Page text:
Living in a culture that has become removed from its agricultural roots, how does anyone get started in sheep shearing? Some say it’s a calling, which I would not disagree with. But even though I have been a professional shearer for my entire working life, I still find myself explaining exactly what it is I do to ordinary citizens. I can’t say simply, “I’m a shearer”, as perhaps I’d be able to say as an introduction in a place like New Zealand. People who are connected to the sheep world in one way or another, understand the importance of getting the wool from the sheep’s body to the processing stages. These people probably see shearing as an important piece of the equation. Yet, they may not grasp the difficulty of the learning process.
I’ve heard it said that it takes a beginner shearer 1,000 sheep to “get the hang of it”, and 10,000 sheep to “be experienced”. Although that sounds daunting to someone trying to learn, I’d even argue those figures are on the low end. There are so many variables to learning, in regards to the learners’ aptitude, the kind of experience available, access to good training, and so on. The challenge of teaching the next generation of shearers is a continuous problem for the sheep industry. Furthermore, most who attempt learning will quit before reaching any of those milestones. As evidence of this, consider that a large number of sheep in the USA are shorn by migrant foreigners. Though much of learning to shear comes down to experience, it is only good quality experience that makes a good shearer. You can practice doing something the wrong way ad nauseum, but you may still be doing it the wrong way. Since shearing is generally piece work, efficiency becomes important. The more efficient you are, the more sheep you’ll shear, with less stress on the sheep. As the old saying goes, “practice makes perfect”. I’d argue that it is more like, “perfect practice makes perfect”.
As a 16 year old beginning shearer, I was fortunate enough to start with a few advantages. First, my family had been raising sheep my entire life. Eager to learn every aspect of the family tradition, I started shearing our sheep at about the time I learned to tie my shoes. I was comfortable handling sheep, and knew a few basics of shearing. I watched other shearers at every opportunity, and knew it was something that interested me. “All” I had left to do was learn the technique. Or as a shearer would say, the pattern. But it is a technique which proved to be much more difficult than I realized. Though shearing is sometimes thought of like riding a bike, where once you’ve got it you’re all set, it is actually much more in depth. It takes enormous dedication, and the humility to realize it is a lifelong learning pursuit. Another advantage I had as a youngster was that I already had a large network of sheep friends who were willing to let me practice on their flocks. At 16 I was quite stubborn, and when I picked up my handpiece for the first time, I knew I would never let myself quit.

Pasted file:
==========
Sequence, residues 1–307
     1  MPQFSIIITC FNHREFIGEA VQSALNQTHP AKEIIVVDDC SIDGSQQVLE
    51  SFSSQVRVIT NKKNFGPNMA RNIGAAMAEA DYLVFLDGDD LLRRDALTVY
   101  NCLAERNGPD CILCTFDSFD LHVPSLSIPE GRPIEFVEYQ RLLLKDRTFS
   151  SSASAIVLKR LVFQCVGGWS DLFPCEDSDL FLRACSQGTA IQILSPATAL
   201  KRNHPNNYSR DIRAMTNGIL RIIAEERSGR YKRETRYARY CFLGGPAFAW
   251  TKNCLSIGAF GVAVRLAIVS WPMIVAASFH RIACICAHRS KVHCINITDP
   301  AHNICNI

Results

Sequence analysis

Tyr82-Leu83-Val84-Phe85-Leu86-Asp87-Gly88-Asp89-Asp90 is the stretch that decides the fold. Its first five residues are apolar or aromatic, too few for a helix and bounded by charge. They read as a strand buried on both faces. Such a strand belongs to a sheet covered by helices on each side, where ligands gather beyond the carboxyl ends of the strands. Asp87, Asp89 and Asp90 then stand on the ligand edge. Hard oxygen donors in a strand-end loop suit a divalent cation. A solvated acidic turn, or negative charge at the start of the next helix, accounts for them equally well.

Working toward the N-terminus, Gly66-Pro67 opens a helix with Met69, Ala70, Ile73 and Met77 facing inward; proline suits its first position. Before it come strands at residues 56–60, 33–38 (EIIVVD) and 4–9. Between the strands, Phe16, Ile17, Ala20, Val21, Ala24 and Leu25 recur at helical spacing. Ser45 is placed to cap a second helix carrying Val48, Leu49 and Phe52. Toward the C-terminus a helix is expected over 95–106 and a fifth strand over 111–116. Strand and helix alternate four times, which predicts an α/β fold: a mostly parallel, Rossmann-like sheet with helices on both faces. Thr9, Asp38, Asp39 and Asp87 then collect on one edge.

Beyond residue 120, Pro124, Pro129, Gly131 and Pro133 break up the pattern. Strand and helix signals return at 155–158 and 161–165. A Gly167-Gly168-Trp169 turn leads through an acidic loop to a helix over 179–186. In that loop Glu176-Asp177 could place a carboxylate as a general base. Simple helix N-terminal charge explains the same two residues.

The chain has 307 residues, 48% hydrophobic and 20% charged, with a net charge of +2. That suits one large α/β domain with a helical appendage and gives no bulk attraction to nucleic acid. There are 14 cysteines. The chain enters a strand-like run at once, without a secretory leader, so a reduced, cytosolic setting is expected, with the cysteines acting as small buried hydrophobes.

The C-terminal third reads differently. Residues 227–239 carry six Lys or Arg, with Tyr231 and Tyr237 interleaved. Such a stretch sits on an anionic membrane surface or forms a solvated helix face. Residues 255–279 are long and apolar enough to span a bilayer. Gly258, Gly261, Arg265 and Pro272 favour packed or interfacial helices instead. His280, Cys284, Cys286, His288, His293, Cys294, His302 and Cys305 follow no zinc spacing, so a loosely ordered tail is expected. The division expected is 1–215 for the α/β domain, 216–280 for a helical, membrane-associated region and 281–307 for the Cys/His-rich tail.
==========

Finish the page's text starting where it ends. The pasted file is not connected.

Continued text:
Parts of my training were typical of any beginner. I went to shearing schools, watched videos, talked to experienced shearers, and never turned down opportunities to learn. When I realized I wanted to make it a full time job, I took my training more seriously. I went to New Zealand for a few months, where I sheared with some of the top shearers. A good friend I made in New Zealand went on to become a world record holder. I also made a few other long distance shearing trips in between jobs that were close to home. Besides the shearing skill needed, one of the hardest things is coming to terms with the lifestyle. Even if you don’t travel abroad, and decide to shear locally, the sheep population is very spread out. As a shearer, you learn to have a nomadic lifestyle. One season I looked back and realized that in a period of nine days, I had eight different sleeping arrangements. None of which were my own bed.
I have been approached by people who think they want to learn. I would love to be part of someone’s training, yet I am cautious. I need to give them realistic expectations. You will not learn in a day. Or a weekend, or a season. The equipment is expensive. Building clientele takes years. It takes several teachers to learn. Scheduling jobs can become a nightmare, since farmers’ management practices vary. The goal is to spend more time shearing and less time driving, but that does not always work. Being organized, then, is essential. Next to skill, reputation is the biggest asset. So, if you are too eager at the beginning, taking on jobs that are too big or difficult for your skill level, you risk damaging your reputation before you’ve even started.
After raising these points, you may be asking, “is trying to learn worth it?” For me, unequivocally yes. I cannot see myself doing anything else. There have been plenty of unenjoyable days; sore backs, misbehaved sheep, etc. But it’s good honest work, you can’t fake it. Whether your boss for the day has one sheep or thousands, they are appreciative of a job well done. There’s a reason they choose to hire a specialist. Maybe it’s all I know, or maybe I’m still like the stubborn 16 year old. Either way, it has been an incredible journey, and I have never found myself looking forward to retirement.
> Aaron Loux is a sheep enthusiast whose specialty is shearing. To book services, call or email. 413 230 8607. firstname.lastname@example.org